OJERI holds Solve Climate 2030 webinar
In search of solutions to climate change
On April 9, Korea University’s OJEong Resilience Institute (OJERI) OJERI@KU) held a webinar (online seminar) on the theme of “Searching for Solutions to Climate Change” to explore solutions to climate change, which is recognized as a significant threat to the sustainable development of humanity.
Sponsored by the Association of Pacific Rim Universities (APRU), the webinar is part of a campaign called Solve Climate 2030, organized for 100 universities around the world. The aim of the webinar was to raise awareness of climate change among not only college students, but also high school students and the general public, and to present solutions for local communities.
The panelists were Lee Woo-kyun, professor of the Division of Environmental Science & Ecological Engineering and director of OJERI; Kim So-hee, secretary general of the Climate Change Center; and Kang Dong-ryul, network coordinator of the Sustainable Development Solutions Network (SDSN) Youth Korea. The role of moderator was filled by Chon Jin-hyung, professor of the Division of Environmental Science & Ecological Engineering.
The panelists gave presentations on: the role of science for spatio-temporal climate solutions (Professor Lee Woo-kyun), the role of civil society for communication on the climate crisis with the MZ generation (Secretary General Kim So-hee), and role of future generations in the age of climate crisis (Network Coordinator Kang Dong-ryul).
Lee Woo-kyun, director of OJERI, discussed the role of the scientific community regarding nature-based solutions in his presentation titled “The Role of Science in Spatio-Temporal Climate Solutions.” He criticized the lack of connection between individual space-time and climate change, despite global change being a global issue, and emphasized that individuals (citizens) should be given “information pertaining to the here and now.”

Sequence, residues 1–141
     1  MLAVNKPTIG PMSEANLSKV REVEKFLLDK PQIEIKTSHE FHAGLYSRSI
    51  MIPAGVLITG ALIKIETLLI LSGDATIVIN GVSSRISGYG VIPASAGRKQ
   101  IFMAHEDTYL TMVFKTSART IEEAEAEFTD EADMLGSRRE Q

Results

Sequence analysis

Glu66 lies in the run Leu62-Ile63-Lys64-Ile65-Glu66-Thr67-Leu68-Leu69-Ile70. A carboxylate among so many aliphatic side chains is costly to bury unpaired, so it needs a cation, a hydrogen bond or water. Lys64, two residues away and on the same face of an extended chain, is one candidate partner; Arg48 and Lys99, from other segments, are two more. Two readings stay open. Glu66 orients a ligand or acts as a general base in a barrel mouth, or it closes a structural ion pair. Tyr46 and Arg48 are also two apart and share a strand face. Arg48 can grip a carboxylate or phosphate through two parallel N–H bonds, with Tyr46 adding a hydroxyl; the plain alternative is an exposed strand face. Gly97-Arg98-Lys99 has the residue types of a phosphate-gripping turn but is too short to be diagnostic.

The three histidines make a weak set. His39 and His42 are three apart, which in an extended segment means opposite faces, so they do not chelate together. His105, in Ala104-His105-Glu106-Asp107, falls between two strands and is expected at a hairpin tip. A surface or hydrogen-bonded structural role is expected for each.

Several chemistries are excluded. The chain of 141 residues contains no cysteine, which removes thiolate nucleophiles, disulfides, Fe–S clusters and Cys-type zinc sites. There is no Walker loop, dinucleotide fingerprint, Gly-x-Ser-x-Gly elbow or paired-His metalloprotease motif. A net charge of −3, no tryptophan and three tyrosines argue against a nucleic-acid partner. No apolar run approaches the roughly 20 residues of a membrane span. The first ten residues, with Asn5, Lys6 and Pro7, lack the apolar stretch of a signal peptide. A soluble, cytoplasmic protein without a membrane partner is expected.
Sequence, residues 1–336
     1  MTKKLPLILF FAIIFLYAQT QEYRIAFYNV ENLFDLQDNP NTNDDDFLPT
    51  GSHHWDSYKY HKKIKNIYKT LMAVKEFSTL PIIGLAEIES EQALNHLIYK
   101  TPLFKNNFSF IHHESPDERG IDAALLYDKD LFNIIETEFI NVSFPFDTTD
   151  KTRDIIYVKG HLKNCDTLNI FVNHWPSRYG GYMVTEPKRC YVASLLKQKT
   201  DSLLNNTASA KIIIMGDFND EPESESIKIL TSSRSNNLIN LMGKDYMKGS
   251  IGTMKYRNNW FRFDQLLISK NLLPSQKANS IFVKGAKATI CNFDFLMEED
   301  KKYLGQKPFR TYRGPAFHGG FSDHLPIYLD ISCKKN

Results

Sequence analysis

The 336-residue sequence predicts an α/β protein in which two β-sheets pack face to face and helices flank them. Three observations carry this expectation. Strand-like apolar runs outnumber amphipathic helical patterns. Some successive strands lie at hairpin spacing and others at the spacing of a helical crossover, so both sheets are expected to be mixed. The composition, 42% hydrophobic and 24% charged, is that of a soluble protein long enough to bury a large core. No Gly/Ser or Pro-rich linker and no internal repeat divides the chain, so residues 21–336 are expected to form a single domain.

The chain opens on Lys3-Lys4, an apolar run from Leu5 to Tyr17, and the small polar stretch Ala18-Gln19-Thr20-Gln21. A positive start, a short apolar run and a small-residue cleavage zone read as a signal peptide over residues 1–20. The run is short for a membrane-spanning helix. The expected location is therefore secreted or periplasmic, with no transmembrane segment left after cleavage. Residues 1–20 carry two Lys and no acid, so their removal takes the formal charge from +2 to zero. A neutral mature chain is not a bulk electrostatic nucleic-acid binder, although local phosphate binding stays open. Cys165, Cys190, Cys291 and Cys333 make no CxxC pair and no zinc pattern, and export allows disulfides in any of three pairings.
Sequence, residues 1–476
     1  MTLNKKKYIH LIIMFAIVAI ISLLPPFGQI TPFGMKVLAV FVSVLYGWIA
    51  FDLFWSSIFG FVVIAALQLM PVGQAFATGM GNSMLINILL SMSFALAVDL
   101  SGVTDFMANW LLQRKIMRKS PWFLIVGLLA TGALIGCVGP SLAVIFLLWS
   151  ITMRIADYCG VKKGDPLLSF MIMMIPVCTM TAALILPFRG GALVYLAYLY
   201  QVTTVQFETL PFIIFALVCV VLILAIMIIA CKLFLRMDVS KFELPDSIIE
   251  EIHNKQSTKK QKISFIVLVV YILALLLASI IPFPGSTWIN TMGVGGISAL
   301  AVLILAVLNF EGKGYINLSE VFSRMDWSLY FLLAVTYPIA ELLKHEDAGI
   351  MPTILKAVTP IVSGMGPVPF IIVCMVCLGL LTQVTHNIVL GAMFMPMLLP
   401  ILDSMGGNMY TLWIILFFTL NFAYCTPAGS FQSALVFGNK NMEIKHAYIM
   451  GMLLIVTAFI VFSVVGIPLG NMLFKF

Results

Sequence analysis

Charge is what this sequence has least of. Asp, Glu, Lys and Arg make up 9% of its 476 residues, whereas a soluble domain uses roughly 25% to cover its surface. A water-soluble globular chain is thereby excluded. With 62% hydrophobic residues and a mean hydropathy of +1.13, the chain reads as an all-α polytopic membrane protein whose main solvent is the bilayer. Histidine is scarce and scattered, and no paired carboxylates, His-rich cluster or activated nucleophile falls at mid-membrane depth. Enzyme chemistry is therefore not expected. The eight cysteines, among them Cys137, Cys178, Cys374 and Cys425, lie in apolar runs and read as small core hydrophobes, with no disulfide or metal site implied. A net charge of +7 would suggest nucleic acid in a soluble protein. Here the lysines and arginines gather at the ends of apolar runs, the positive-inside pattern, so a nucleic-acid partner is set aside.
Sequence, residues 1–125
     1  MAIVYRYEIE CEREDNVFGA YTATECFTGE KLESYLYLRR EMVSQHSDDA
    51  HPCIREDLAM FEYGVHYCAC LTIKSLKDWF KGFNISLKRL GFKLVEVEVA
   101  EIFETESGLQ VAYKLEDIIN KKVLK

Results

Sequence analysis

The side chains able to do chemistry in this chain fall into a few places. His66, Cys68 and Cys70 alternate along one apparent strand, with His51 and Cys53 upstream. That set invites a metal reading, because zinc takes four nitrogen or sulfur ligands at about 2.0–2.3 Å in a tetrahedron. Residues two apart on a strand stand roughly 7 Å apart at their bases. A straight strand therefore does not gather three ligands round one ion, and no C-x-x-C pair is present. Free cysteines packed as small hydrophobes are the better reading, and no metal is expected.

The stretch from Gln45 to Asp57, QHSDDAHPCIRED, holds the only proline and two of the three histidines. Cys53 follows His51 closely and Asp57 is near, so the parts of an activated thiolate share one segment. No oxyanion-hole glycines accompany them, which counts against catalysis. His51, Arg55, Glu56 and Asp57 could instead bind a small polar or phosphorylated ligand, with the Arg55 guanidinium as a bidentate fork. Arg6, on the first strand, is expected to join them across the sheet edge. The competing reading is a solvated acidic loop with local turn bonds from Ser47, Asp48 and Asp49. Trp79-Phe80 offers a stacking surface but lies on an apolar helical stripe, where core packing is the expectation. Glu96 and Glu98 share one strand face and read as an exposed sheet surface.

According to Lee Woo-kyun, scientific solutions to climate change lie in the development of spatio-temporal indicators based on vulnerability assessments so as to provide climate information closely related to everyday lives. Unlike the word “sensitivity,” “vulnerability” presumes that “solutions” exist. As such, greater attention should be paid to “vulnerability” in order to actively overcome the climate crisis. The director explained that spatio-temporal indicators will improve upon existing weaknesses by providing the specific data essential for regional vulnerability assessment.
Quoting the phrase “the secularization of science” from Kim Yong-jun’s Historical Perception of Scientists, Lee Woo-kyun said, “Science cannot play its role if it is shunned by the public, or if it colludes with authority. It should empathize with society, draw interest from industries, and maintain political governance. I hope for science to be built on social consensus and communication.”
Secretary General Kim So-hee of the Climate Change Center, who spoke on the topic of the “Role of Civil Society for Communication on Climate Crisis with the MZ Generation,” stressed the need for future generations to be aware of and respond to the climate crisis.